No. Less sin would be good. But the sins spoken of in the Bible means that we seem to be seeking forgiveness for just being a straight up human being, with (fairly) normal human desires and actions.
Feeling like we’ve sinned for being human is just making the human experience that bit harder — but bad things just keep occurring in the world anyways, sins just getting committed over and over: climate change, war, humanitarian crises, poverty, famine, globalisation.
Fear the God “Profit.”
For shizzle we need to be committing less harm in the world.
But for reals, we need to forgive ourselves for what it is to be human.
‘To err is human; to forgive, divine.’
— Alexander Pope
Jesus gave his life, if he even was a person, to forgive us for our sins. He did something for us. He was forgiven. He was resurrected for us to be given the opportunity to be forgiven for our sins.
Easter is about forgiveness.
I just want to take that sin bit out — I don’t like it. God is there for accountability, but it’s a cop-out.
I wonder how the world would be if, instead of acknowledging an external being for absolving our sins, we took personal responsibility for that love and forgiveness.
How much better human beings we might be, and how much less “sin” there might be in the world.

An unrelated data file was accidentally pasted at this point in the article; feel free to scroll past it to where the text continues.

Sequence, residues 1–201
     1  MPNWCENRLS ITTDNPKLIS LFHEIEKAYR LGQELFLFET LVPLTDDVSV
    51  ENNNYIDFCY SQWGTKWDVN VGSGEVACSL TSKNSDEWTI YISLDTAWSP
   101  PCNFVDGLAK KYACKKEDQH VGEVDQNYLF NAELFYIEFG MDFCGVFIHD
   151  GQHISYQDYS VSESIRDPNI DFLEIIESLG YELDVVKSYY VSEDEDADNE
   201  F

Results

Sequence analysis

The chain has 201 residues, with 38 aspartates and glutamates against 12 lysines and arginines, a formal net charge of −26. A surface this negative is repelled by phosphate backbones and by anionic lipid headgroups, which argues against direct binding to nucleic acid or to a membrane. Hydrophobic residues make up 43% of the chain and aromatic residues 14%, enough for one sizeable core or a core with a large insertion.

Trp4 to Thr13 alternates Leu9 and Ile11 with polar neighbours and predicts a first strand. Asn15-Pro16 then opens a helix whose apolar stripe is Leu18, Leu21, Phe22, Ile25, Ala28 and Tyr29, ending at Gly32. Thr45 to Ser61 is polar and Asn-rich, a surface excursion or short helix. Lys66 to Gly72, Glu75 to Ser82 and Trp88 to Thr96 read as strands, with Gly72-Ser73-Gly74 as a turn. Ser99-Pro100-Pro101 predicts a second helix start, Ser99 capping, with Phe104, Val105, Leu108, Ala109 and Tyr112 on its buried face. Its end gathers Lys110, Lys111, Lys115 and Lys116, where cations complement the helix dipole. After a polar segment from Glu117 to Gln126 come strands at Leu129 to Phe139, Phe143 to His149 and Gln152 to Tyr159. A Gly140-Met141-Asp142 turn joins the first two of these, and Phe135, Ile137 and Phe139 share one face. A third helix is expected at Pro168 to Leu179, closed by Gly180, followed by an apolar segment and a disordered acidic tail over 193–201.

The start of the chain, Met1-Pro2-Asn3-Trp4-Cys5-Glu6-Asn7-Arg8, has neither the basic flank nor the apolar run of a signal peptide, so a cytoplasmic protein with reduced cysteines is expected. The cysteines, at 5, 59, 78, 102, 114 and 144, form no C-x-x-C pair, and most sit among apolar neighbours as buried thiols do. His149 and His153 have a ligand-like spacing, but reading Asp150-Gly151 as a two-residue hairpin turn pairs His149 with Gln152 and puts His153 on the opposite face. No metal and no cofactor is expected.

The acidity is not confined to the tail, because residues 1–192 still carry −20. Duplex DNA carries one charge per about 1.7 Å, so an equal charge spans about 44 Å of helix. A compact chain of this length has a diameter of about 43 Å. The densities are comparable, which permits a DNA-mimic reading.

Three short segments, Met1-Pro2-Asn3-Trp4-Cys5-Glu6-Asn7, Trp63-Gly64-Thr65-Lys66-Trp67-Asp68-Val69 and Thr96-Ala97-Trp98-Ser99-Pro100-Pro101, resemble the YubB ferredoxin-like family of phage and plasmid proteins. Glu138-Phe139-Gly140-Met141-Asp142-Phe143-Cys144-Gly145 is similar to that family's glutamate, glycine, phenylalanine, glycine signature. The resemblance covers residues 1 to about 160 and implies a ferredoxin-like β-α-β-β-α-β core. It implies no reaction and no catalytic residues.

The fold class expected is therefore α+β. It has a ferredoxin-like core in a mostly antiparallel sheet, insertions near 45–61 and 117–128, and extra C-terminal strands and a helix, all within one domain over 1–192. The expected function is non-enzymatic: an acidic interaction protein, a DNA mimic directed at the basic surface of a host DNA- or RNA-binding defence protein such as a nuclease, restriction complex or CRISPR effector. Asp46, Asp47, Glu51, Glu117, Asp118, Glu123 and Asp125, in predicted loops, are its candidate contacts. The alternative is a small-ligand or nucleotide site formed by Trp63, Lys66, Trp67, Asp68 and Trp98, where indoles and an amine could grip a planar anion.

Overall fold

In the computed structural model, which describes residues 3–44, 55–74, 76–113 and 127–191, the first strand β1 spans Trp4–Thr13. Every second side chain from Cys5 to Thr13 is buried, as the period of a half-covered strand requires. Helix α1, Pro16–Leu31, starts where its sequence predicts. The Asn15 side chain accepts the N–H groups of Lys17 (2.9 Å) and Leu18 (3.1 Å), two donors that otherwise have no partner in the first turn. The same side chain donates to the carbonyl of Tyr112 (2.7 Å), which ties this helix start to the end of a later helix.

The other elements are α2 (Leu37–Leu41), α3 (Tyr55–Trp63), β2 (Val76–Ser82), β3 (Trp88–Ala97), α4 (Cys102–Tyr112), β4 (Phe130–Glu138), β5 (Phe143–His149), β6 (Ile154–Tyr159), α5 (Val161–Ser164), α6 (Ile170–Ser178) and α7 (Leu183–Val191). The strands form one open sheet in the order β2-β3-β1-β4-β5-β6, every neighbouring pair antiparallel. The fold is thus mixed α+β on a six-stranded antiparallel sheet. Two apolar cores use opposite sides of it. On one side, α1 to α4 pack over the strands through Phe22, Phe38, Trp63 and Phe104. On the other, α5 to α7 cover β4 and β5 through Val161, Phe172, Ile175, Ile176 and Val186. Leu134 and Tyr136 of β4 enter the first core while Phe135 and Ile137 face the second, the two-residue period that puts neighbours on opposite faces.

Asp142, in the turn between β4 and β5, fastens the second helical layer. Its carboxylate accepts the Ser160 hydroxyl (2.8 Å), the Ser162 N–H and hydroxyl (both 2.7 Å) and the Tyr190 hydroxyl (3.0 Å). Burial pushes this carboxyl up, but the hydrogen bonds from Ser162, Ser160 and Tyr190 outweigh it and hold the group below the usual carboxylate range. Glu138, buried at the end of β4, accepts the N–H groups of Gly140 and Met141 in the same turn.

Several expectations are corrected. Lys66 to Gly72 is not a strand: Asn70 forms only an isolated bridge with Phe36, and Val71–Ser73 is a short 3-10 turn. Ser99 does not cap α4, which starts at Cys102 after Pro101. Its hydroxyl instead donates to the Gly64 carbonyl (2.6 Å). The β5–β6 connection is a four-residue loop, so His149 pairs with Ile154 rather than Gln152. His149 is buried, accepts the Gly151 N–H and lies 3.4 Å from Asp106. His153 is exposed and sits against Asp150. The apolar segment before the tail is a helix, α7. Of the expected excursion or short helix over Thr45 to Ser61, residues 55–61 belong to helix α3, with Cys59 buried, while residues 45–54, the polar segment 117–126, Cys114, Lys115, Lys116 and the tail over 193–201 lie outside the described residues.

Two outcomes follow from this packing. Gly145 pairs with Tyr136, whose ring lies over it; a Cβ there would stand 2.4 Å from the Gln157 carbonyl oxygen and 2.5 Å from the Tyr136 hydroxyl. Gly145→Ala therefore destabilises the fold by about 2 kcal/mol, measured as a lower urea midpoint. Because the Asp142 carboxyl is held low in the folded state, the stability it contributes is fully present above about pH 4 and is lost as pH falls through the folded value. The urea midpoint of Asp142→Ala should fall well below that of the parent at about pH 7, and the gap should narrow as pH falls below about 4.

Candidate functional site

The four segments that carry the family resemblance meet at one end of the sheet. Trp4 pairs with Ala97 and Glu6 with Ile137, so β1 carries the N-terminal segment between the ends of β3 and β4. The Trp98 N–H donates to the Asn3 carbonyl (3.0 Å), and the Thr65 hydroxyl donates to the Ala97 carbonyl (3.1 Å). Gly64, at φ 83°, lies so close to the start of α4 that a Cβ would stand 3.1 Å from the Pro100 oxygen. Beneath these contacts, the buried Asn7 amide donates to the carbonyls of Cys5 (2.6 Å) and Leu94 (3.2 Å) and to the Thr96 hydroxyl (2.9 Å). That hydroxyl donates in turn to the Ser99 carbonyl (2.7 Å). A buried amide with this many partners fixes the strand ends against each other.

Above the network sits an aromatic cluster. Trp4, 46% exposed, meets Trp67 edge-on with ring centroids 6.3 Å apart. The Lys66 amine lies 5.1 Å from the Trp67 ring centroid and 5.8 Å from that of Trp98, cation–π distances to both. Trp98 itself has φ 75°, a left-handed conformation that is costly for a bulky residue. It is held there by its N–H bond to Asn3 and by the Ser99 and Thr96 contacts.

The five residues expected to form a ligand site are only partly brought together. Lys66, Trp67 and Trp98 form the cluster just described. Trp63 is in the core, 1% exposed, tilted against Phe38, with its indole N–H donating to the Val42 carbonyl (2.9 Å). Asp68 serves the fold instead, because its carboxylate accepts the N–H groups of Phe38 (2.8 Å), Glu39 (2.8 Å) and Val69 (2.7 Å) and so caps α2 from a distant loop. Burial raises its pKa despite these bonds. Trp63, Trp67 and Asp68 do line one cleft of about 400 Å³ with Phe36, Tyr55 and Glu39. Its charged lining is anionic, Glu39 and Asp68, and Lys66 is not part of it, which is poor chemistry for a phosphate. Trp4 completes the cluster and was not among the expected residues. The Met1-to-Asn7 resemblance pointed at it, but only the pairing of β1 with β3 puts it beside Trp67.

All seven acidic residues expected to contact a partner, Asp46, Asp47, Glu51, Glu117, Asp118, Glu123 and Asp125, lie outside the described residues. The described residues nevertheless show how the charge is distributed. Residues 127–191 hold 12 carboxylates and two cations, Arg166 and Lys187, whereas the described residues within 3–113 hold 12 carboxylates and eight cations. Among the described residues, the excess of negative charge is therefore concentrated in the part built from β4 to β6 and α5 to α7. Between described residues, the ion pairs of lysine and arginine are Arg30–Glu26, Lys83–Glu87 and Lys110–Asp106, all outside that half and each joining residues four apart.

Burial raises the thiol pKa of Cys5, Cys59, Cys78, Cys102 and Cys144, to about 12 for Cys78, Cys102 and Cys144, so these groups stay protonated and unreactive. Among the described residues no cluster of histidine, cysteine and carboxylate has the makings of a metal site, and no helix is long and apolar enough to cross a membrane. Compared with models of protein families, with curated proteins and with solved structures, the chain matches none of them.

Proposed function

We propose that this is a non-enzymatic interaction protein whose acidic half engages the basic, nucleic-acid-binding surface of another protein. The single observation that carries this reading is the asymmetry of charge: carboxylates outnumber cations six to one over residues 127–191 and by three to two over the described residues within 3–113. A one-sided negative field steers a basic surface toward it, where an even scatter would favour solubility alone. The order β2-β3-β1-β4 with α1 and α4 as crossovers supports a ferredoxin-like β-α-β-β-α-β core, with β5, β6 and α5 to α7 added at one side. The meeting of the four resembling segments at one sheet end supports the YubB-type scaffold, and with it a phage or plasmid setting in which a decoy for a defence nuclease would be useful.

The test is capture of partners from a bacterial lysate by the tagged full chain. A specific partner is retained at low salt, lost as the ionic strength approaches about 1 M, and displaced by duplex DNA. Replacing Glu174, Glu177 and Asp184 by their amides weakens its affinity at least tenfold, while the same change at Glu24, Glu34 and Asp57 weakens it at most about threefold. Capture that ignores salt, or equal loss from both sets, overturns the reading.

As far as I’m concerned, that is (in huge, flashing neon lights) what the core message and function of god is. That’s how I see religion, as a guide to get there, and things like the Bible a collection of stories to illustrate the journey.
While I’m at it — alongside forgiveness, there’s also a huge message in Easter about staying true to your own beliefs.
There is a huge message around the possibility of rebirth, renewal, resurrection.
I love the metaphors of Easter being about rebirth, renewal, spring time, and even the idea of Ostara (a lesser known goddess associated with the coming of spring, and dawn, celebrated with a feast around the spring equinox, coinciding with Easter … of course).
As nature kicks into life, buds are beginning to blossom, Spring is indeed coming. But as Buddhism teaches, this is everyday.
“Every morning we are born again. What we do today is what matters most.”
In that case, Easter is nothing to do with Jesus at all.
It’s about us.
It’s about the opportunity we have every damn day to rise up from the things that happened yesterday and throughout history, and make better choices today.
I do love the contrasts in Easter, between light and dark, birth and death, good and bad, virtue and sin, pleasure and pain. (Of course I’m specifically talking about Easter eggs and how they are diametrically opposite being nailed to the cross).
Traditionally, Easter is about acknowledging that pain and being thankful for Jesus taking the hit.
Yes there’s beauty in his resurrection and his love for us, but really, the true beauty comes when we can see this playing out in ourselves. When we forgive ourselves for our humanness, and we wake up again each day and try and do it better.
This Easter, I just have gratitude for that reminder.
No bunnies. No Easter egg hunt. And certainly, no crosses.
Just one single chocolate easter egg (no, I couldn’t resist, and yes, I forgive myself for it) … and huge gratitude.
Gratitude for being human, gratitude for trying, gratitude for being on this path. Gratitude for love.
To me this is what Easter is really about.